CCPP Bulletin #3

Open letter to Cara Buckley


Climate Reporter


New York Times


Twitter handle @caraNYT


Dear Ms Buckley :

I just read the article that you wrote entitled The Unlikely Ascent of New York’s Compost Champion in the 13 May 2022 edition of the NYT. Domingo Morales is an inspiration. Well-deserving of all the accolades that have been bestowed upon him. He is a climate change hero. We need more such stories.


I have a suggestion for your next climate change article. I invite you to come to Clare, Michigan and write a story about the Climate Change Permaculture Project (CCPP). Below, is some information to help you to decide.


I am a Senior Evaluation Officer for a small, specialized agency of the United Nations, based in Geneva, Switzerland. In this capacity, reports about climate change come across my desk quite frequently. These reports alarmed me to the extent that I, together with my wife Karen, decided that in our upcoming retirement, we would relocate somewhere safe and create a sanctuary from climate change for our family and friends.


We conducted research and found out that many scientists think that our home state of Michigan will be one of the best places to survive climate change. This is because Michigan is a peninsula, surrounded by the Great Lakes, that will act as a buffer.


Therefore, in 2019, right before the pandemic began, we made a whirlwind trip of the state and ended up buying a 56-acre Amish farm outside of Clare. Clare is smack-dab in the middle of the state. Its moniker is “Gateway to the North”.


The pandemic began and I received permission from my agency to telework from outside my duty station. For two years, I teleworked from 6:30 to 14:30. Then, I would go out and work on the farm until dark.


Because of the pandemic, many people were laid off from their jobs. Food insecurity is, and will continue to be, a big problem. Since we had an outside source of revenue to support the farm, we donated our surplus production to the Community Compassion Network, a food bank in nearby Mt Pleasant.


We slowly came to the realization that, even if we create a sanctuary, if climate change renders the planet uninhabitable, we will perish with everyone else. Therefore, we resolved to join the larger fight against climate change.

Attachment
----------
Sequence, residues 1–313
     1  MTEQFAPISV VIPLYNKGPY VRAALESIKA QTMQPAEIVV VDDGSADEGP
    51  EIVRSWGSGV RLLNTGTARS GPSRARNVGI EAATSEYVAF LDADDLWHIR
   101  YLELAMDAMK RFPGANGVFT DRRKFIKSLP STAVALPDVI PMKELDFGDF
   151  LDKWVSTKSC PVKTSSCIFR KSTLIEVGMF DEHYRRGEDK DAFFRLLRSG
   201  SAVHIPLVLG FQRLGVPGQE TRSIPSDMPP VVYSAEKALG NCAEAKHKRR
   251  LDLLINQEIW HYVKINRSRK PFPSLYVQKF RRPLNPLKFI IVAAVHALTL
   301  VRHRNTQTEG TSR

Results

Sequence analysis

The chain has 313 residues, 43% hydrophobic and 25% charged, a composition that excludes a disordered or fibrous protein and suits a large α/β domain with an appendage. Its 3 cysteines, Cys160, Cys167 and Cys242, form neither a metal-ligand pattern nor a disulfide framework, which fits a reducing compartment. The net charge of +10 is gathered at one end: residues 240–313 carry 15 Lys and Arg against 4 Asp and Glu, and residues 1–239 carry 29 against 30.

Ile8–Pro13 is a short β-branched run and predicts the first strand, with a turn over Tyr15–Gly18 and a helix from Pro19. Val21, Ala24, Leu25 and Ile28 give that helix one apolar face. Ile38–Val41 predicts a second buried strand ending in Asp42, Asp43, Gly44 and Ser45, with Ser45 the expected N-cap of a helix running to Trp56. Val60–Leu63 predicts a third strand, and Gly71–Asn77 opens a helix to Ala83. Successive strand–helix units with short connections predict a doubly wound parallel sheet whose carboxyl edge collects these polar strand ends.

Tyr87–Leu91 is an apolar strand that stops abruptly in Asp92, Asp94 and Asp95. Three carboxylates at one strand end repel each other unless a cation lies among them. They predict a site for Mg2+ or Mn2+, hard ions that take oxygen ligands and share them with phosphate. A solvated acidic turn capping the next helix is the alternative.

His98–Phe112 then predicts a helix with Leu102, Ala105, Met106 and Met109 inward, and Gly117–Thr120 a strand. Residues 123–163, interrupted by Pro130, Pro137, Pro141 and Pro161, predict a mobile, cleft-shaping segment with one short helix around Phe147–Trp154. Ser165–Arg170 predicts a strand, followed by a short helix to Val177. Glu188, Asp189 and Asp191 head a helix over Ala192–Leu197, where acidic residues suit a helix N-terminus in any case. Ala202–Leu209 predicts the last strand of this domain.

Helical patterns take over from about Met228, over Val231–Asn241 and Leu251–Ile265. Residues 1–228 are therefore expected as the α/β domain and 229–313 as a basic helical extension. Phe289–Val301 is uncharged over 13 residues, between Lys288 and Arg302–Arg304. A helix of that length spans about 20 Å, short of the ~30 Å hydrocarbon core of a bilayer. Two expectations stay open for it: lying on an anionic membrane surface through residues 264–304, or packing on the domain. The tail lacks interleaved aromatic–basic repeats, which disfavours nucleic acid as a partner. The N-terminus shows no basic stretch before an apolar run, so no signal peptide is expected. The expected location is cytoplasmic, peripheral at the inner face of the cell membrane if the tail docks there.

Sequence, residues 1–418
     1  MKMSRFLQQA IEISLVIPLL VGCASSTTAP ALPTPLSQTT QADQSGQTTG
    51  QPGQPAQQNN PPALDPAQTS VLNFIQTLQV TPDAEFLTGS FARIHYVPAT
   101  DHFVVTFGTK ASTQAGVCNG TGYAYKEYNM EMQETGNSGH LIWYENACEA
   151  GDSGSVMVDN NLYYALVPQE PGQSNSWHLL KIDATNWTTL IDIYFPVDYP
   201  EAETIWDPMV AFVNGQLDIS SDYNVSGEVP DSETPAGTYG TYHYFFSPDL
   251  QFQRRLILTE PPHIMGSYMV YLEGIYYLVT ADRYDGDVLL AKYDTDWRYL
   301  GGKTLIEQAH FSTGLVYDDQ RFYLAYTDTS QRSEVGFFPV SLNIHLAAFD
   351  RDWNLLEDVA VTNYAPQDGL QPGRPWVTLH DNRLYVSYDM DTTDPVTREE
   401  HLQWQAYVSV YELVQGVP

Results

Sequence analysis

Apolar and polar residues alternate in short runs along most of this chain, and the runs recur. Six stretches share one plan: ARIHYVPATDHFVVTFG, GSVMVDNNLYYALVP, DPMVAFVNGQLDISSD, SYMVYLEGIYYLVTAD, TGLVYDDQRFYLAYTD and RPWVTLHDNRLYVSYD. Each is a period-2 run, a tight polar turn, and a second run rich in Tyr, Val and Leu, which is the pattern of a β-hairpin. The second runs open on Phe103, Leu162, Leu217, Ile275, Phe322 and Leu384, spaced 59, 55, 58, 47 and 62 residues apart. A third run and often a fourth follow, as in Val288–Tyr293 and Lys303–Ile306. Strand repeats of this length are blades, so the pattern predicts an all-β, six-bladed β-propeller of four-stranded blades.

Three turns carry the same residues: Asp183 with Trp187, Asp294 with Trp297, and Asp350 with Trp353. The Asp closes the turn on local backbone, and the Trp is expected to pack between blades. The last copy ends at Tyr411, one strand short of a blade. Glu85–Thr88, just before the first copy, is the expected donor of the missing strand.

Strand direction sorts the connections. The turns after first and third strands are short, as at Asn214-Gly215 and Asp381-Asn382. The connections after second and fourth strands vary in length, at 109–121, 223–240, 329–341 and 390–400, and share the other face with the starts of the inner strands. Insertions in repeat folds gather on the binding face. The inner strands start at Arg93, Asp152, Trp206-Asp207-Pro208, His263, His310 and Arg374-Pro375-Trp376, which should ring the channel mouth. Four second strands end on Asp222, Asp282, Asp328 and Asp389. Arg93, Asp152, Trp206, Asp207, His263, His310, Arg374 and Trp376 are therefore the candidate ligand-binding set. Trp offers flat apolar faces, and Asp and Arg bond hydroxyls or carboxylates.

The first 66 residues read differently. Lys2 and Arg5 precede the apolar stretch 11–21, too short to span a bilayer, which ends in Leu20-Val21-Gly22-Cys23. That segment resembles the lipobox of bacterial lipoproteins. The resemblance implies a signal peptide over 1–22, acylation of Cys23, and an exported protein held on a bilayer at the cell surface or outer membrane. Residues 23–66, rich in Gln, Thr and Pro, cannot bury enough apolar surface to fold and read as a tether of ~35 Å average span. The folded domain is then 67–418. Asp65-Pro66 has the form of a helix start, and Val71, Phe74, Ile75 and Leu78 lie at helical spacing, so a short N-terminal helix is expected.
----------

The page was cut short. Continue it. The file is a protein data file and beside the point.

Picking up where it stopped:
We did more research and found that currently about 25 per cent of the greenhouse gases that are emitted come from agriculture. However, if we transform our agricultural system, it could not only avoid emissions, it could also actually sequester large amounts of carbon, thus helping to mitigate climate change.


We came to conclude that the best way to transform our agricultural system might be through a system of ecological design called permaculture. Permaculture’s design principles, based on whole-system’s thinking, seem to us to be ideally suited to the task.


We set out to learn more about permaculture and, in the process, Russon Family Farms received Permaganic Authentication, at the pioneer level, from the Great Rivers and Lakes Permaculture Institute. It’s kind of like the USDA’s organic certification—only better. We are only the second farm in Michigan to receive this honour.


Our commitment to fight climate change led us to form a private operating foundation called the Climate Change Permaculture Project (CCPP). The purpose of the foundation is to help create a critical mass of farmers who will adopt regenerative farming practices, embodied in the principles of permaculture, to begin to reverse the effects of climate change and, at the same time, help to address food insecurity.


Russon Family Farms will take 10 acres out of production and donate its use to CCPP to create a farmer incubator program, like a small business incubator. New and diverse farmers will receive training from internationally recognized permaculture experts. Then, they will put their training into practice on their own two-acre plots.


We think that our story would be of interest to your readers because it shows that common folks like us can do uncommon things to try and reverse climate change.

Here’s a link to our website:   Hope to hear from you soon.



Craig Russon


Climate Change Permaculture Project

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